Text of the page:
A blog on what's new, notable, and next in turbomachinery

Part 2: Hydrogen Turbomachinery Design

By Mark R. Anderson, Chief Technical Officer, Concepts NREC
Jan 10, 2023

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Hydrogen is attracting a lot of interest in different circles these days from: propulsion, to energy storage, to personal transportation. The most obvious benefit of hydrogen fuel is a total lack of carbon in the exhaust products. This is rare for a fuel that’s a fairly high energy substance to begin with. More specifically, its high energy in terms of energy per unit of weight but somewhat less so in terms of volume.

Using hydrogen as a working fluid or simply moving it around from one place to another will require turbomachinery. Depending on the application, the fluid thermodynamic and fluid mechanical properties can usually be modeled quite simply. This is generally the case for near room pressure and temperature conditions. Other applications, like conversion to liquid for storage, require fancier models that can handle multiple phases. Despite the seemingly exotic nature of it, hydrogen presents no more of a challenge to model than other more mundane fluids like air and water.

In applications of moderate temperature and pressure, the real challenge is in the mechanical design. Hydrogen is, of course, the lightest element and low-density fluids require a lot of energy addition to realize a given pressure gain. High energy levels in turbomachinery means high velocities, and high velocities mean high stress levels in the rotating components.

To visualize the problem, take a look at the diagram below. The design on the right is a pressure ratio 2 compressor laid out in the meanline code COMPAL™, moving basic air. The design on the left is a hydrogen design of a similar pressure ratio using the same tip speed of the impeller as the air design. Tip speed is a good proxy for maximum stress levels. So, to reach the same pressure ratio, while maintaining the same material stress limits, we need 5 stages for hydrogen, where as we only need one for air.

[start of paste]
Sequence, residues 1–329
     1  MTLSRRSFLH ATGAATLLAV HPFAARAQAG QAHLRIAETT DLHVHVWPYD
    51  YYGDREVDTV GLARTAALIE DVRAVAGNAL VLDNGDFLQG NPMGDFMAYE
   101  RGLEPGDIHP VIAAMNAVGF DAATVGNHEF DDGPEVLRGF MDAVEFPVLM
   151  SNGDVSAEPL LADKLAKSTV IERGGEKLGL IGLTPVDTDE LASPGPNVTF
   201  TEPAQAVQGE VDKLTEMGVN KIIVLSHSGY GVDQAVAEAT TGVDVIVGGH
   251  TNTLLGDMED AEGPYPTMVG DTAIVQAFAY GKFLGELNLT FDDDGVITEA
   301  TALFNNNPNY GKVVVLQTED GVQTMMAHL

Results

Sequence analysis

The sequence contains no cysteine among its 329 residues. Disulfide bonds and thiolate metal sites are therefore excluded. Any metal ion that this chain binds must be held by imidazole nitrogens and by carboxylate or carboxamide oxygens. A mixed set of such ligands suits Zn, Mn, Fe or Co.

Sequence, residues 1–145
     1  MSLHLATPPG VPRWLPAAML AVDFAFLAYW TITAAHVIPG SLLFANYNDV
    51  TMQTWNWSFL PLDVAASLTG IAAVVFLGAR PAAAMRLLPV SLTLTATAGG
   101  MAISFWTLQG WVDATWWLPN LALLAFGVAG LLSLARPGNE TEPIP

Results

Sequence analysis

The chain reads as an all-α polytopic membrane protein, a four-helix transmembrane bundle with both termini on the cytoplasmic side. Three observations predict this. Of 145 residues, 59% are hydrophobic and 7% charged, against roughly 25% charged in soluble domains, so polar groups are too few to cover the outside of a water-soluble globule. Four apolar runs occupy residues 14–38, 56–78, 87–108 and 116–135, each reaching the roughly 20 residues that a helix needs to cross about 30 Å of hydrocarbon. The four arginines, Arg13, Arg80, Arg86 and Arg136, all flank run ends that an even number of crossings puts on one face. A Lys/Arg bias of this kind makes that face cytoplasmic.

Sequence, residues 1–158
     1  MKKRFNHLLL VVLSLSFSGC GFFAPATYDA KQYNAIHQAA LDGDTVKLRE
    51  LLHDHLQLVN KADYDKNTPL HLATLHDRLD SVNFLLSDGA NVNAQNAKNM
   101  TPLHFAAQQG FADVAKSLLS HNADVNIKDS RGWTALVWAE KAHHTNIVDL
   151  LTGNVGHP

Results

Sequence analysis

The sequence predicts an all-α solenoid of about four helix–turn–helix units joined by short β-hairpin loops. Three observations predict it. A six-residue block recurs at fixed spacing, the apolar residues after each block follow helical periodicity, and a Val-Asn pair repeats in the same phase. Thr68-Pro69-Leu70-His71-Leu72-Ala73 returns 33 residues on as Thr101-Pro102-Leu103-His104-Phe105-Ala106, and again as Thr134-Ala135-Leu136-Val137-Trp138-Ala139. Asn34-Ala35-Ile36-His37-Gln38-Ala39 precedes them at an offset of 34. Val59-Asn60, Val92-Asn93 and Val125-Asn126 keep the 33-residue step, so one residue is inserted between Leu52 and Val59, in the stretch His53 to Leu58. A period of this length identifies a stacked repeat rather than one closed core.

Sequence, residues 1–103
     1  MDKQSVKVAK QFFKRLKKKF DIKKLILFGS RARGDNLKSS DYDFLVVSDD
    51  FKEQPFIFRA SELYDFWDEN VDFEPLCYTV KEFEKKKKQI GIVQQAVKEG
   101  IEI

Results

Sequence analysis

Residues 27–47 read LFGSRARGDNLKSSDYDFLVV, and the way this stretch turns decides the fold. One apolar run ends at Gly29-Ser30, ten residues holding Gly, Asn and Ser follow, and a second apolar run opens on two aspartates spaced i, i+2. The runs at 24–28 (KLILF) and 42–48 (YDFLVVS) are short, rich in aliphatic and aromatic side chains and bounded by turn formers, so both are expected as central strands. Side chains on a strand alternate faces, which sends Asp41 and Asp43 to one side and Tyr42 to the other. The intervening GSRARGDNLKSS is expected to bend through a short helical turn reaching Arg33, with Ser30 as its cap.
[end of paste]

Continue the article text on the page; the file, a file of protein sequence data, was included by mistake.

There’s nothing particularly difficult or complicated about the aerodynamic design process in this case. The same general design rules and loss models can be used for just about any fluid. Meanline codes might need a bit more scrutiny in these cases since the empirical data they’re based on tends to be weighted towards air. Otherwise, the process is very similar. The full 3D geometry, shown below in AxCent™, has a similar shaping and scale that we might expect from a more conventional air compressor.

The cost and complexity of a 5-stage machine is obviously going to be a lot higher than a single stage. This being the case, the designer might want to push the usual limits of stress and make at least some aero compromises to reduce the stage number. Ultimately, as in all design exercises, there’s trade-offs between performance and costs that have to be made.   A modern design system like Concepts NREC’s Agile Engineering Design System®, can greatly facilitate this process and get you the best combination in fastest amount of time.

We welcome your questions and comments here, or contact us at info@conceptsnrec.com for further dialogue. 

Tags: CAE Software, Engineering

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